The Wise Turtle's Guide to Philosophical Health


by Turil Cronburg - Date: 2006-12-11 - Word Count: 1511 Share This!

Philosophical Health

Just as a doctor checks your physical health, your philosophical life can go through the check-up and prescription process. The following guide is set up to help you assess your philosophical health, give you elixirs to reverse any philosophical maladies you may have caught or been injured by, and suggest mentally invigorating exercises to bring your mind up to peak performance.

While you are following the following prescriptions for your philosophical health, don't forget to take care of your physical health. Your brain is the muscle that you use for philosophy, and your brain is fueled by your body. Feed your body well, and keep it in good shape so that your brain can do it's job well. One nice way of thinking about keeping your whole being healthy is to think of taking care of your body, mind, and spirit (or body, intellect, and emotions, if you prefer). Philosophy mostly works on your mind and spirit. But don't forget your body, too.

One last request before we begin, please, take your time with this guide. Remember, The Wise Turtle became so wise because she takes her time. Why hurry and miss life? The best way to get where you want to go really is to take one step at a time. (It helps to have four feet like a turtle, but two feet will do!) So start with the first step, and go mindfully and purposefully along your path.

Part 1: Basic First Aid and Annual Check-Up

1. Assessment of physical/intellectual/emotional state. What needs attention immediately? Administer soothing aid before doing anything else! Thinking suffers when you suffer. So take care of your basic needs for health first and foremost.

2. Assess what is going right. Make a list of all the good stuff that's happened in your life recently. Big stuff, small stuff, any stuff you honestly appreciated.

3. Ask yourself what would you like to see in your life in the future. Consider what your overall goals, dreams, ideals, and purposes are. Write these down too. They can be simple or highly detailed.

4. As an intellectual game, take the conclusions from #3 and use them to create a slogan for your life. Pretend that you have been invited to a philosophical theme party and you have to display your essential life's purpose on your t-shirt. Try to make your slogan answer the question: "Who am I and what do I want to do with myself in life?" Make your philosophical slogan no longer than a sentence or two if you can. Don't worry, you never have to show this to anyone if you don't want to! But do write it down somewhere you can find it easily. This slogan is meant to be your touchstone or mantra - your philosophy of life. When you are feeling terrible about your life, the world, or whatever, take a look at your mantra to remind yourself of what you are all about. (If it doesn't make you feel better, then you may need to tweak it a bit.) Make a real t-shirt of your philosophical slogan if you want, and wear it when you are feeling particularly thoughtful.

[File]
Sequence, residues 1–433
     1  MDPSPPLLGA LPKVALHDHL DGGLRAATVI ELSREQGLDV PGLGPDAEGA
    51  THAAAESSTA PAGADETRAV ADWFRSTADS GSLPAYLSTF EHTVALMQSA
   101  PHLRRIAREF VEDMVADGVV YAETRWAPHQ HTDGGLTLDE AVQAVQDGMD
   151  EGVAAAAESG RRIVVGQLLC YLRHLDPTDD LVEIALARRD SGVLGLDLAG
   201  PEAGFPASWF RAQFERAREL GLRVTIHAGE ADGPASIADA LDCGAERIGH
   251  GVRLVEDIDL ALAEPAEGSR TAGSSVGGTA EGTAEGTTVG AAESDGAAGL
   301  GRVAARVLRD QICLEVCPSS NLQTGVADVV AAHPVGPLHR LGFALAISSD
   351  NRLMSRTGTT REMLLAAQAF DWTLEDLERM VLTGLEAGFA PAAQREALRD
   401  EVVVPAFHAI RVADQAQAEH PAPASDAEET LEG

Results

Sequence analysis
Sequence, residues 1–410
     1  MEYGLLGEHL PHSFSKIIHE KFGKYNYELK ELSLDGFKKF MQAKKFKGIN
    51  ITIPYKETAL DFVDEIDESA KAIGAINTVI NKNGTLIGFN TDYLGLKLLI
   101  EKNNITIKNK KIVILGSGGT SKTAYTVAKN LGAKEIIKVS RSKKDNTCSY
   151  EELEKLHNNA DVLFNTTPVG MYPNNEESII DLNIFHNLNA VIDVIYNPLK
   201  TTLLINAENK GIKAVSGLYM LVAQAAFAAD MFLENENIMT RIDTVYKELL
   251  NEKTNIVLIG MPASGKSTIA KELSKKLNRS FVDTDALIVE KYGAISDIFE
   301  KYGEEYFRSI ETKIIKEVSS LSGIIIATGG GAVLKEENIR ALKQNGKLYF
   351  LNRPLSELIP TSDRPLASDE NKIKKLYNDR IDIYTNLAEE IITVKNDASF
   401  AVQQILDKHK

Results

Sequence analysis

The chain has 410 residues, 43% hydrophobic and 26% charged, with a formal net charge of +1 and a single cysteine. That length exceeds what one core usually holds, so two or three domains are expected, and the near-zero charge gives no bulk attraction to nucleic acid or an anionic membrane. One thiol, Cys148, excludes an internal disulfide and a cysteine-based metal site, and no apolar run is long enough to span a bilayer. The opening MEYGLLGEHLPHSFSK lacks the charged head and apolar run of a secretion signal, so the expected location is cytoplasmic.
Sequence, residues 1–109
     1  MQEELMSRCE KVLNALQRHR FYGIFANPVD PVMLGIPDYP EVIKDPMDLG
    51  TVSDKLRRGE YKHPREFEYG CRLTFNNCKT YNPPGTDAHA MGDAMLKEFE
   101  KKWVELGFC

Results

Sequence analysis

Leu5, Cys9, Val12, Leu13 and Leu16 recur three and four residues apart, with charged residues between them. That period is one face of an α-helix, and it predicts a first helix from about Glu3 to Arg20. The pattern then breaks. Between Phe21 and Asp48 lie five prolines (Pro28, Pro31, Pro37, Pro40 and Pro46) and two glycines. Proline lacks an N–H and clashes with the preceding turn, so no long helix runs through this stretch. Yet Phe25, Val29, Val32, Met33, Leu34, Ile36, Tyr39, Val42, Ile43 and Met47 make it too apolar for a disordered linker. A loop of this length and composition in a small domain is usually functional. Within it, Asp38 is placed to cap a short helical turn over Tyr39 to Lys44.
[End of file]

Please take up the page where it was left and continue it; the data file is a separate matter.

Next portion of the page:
The Wise Turtle has her mantra smack dab in the middle of her home page on her web browser, so that she sees it every time she gets on the internet. Some people like to make art that represents their life philosophy on it, either literally or metaphorically. If you are feeling really silly, you could make up an actual "First Aid Kit" for your mind, with nothing but your mantra printed on the inside in big red letters. You could keep it on your bathroom shelf next to the band aids and aspirin!

If that seems to corny or difficult for you, just write your slogan down on a regular old piece of paper and remember where you put it in case you want to look at it sometime, OK?

Part 2: Preventative Maintenance - Exercise Your Brain

1. Spend at least a few minutes each day just stopping to observe what's going on in your life right then. Don't just smell the roses, use as many of your senses as you can to observe the moment wherever you are: what do things look, sound, feel, taste, and smell like? Don't judge these things, just observe them as if you were a tape recorder or camera. This exercise tunes your senses and exercises them. It's sort of a basic training boot camp for your brain's input systems! You can focus on just one thing in detail, or take the whole broad scene in. You can sit still, walk slowly, or even dance around while you do this! (Just don't do it while operating a vehicle, OK?) You can focus on your mind, body, or environment or move your focus slowly from one to another. Whatever strikes your fancy. Do this exercise regularly with a variety of focuses and environments for best results.